When should you hang up your keys?
During this past summer I had the chance to play baseball in an “Old-timer’s” league. This was for men aged 35 and older. I’m much older than 35, but in the last inning I dove to catch a ball. I missed the ball, but I gave it the best dive I could. I ended up injuring myself and at that point I realized that I was past my prime and should not attempt to do things that I used to do quite easily. Do you know someone who may also have this problem? Maybe someone who should hang up their car keys because they can’t seem to grasp safe driving any longer?
One of the toughest jobs I have at Young Drivers of Canada is taking out senior drivers to help them pass a Government road test. At some point in their lives they were a good driver, but as time went on, they lost their edge. Their vision has decreased, their reaction time has decreased and their short term memory also has decreased. Since these are all skills we need as drivers, it became difficult for some drivers to drive safely. I worked hard to get their skills back to the level of being safe drivers; but it wasn’t happening.
I once had a senior driver who’s son had asked me to evaluate her driving. She was such a nice lady, but had the consistent problem of stopping whenever she came across a white line that crossed her path. This would mean any crosswalk, whether the light was green or red. There was obviously some confusion and I did my best to help, but her son and I realized improvement wasn’t going to happen. He contacted her doctor and asked that they take her license from her. After some medical tests were completed, they agreed.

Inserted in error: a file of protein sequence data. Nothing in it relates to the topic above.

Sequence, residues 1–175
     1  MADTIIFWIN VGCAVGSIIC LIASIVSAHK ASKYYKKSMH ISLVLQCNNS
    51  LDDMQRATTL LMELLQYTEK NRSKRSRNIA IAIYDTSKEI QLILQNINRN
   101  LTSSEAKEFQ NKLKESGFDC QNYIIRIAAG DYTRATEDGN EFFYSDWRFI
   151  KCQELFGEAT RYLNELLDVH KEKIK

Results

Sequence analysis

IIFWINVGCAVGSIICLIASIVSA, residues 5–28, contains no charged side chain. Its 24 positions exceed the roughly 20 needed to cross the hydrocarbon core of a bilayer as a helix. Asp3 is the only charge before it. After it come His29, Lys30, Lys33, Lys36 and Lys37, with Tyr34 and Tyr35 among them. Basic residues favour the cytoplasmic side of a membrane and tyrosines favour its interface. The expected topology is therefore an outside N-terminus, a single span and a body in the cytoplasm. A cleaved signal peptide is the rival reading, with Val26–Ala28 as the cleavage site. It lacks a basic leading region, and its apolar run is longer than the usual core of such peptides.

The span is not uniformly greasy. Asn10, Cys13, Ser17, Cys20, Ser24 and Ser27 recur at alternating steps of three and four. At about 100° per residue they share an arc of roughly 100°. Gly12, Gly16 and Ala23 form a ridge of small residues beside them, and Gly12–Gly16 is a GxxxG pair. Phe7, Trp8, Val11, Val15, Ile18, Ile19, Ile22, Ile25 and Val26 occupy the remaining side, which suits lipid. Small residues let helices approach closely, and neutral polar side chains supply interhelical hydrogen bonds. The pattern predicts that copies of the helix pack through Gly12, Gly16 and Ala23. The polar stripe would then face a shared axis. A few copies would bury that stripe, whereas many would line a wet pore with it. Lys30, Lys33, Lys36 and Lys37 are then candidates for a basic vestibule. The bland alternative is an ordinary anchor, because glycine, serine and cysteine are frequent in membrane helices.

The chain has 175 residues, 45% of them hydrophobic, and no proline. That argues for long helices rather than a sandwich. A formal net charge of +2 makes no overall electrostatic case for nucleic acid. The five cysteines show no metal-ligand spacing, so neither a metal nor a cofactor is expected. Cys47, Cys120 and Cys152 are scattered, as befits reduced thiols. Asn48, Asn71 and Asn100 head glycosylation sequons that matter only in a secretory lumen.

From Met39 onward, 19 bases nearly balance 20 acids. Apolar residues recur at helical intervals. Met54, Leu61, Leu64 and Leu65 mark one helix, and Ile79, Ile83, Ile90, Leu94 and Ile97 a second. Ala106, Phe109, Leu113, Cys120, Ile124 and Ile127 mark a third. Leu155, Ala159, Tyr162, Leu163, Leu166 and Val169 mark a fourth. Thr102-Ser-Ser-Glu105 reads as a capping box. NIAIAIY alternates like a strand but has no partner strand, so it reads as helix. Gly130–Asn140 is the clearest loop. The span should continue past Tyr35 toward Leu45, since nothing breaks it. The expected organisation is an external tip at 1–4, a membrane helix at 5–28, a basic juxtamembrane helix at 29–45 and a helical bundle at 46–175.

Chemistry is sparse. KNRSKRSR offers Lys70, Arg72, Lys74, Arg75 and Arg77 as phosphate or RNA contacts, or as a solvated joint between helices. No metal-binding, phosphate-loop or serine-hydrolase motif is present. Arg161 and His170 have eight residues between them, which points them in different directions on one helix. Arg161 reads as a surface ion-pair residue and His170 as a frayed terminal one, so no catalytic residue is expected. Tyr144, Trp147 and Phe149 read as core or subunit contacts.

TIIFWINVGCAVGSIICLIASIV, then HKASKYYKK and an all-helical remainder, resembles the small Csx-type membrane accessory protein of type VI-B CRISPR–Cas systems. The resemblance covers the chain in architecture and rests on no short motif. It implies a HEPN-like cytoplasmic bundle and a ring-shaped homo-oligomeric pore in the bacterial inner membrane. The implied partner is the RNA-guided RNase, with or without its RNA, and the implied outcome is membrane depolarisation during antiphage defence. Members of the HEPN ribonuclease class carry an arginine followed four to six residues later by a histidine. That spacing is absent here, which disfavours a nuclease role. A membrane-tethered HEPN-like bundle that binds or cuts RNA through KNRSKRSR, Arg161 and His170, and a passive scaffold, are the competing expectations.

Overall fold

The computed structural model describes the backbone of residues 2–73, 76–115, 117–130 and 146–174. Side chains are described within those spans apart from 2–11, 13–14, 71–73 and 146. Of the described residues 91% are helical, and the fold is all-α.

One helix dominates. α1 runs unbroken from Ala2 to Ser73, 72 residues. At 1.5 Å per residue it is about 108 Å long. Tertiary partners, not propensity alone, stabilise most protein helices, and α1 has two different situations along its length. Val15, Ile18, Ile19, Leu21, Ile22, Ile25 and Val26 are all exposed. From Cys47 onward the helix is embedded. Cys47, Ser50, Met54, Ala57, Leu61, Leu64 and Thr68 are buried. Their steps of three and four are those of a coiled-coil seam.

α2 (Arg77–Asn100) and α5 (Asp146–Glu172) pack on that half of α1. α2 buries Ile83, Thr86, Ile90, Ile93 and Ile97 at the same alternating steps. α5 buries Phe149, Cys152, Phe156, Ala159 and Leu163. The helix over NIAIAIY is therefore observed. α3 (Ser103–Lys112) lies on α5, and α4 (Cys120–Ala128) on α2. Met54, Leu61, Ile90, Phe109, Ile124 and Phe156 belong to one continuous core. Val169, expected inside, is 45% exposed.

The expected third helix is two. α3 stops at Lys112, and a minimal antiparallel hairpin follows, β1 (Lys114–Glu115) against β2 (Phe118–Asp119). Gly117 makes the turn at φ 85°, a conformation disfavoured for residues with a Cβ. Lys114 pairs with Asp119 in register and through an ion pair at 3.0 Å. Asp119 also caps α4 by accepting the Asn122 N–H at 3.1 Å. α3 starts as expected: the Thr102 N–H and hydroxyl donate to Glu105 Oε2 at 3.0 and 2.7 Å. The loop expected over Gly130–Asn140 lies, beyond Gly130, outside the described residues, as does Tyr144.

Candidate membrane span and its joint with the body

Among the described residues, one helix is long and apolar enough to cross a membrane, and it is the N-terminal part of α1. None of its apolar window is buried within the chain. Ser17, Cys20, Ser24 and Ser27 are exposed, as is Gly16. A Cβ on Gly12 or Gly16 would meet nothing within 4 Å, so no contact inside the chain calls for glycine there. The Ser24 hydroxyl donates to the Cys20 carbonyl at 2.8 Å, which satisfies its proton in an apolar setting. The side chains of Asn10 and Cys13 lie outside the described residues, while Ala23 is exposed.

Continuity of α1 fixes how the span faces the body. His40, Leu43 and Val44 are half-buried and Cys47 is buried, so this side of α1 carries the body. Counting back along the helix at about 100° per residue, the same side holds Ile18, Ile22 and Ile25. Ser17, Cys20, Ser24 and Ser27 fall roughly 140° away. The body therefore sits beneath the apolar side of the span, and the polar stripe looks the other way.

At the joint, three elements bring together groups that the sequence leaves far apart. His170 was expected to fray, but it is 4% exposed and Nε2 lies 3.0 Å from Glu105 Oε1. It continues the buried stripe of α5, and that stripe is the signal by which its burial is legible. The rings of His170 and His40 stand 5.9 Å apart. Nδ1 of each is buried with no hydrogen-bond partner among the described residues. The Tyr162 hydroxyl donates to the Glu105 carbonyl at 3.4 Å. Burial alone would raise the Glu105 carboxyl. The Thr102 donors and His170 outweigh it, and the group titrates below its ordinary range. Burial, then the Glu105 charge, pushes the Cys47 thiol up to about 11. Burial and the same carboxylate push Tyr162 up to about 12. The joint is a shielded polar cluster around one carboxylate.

That’s another occupation with the unenviable job of giving out bad news to drivers; the medical field. They are obligated by law to take the license from the driver if their health will put their driving at risk. Since most drivers feel their license is a way of life and mobility, some doctors won’t do it. What about the risk to society or the community if this driver crashed and was injured or killed? We can only say so much as friends and family, but if the doctor says you’re not medically fit to drive, then that’s it; party over.
My grandfather decided many years ago that he didn’t want to drive. His eyesight was getting worse and he felt very uncomfortable. He voluntarily gave up his license and sold his car. For the rest of his life he took public transportation and got rides from friends and relatives. This allowed him to relax and enjoy life once again. It was a good choice for him.
So now you have to decide; should you or a loved one continue driving and risk the health of the driver, passengers and other road users. Or should it be time to make alternative plans for getting around. You need to make this choice soon, either for yourself or for the person you care about.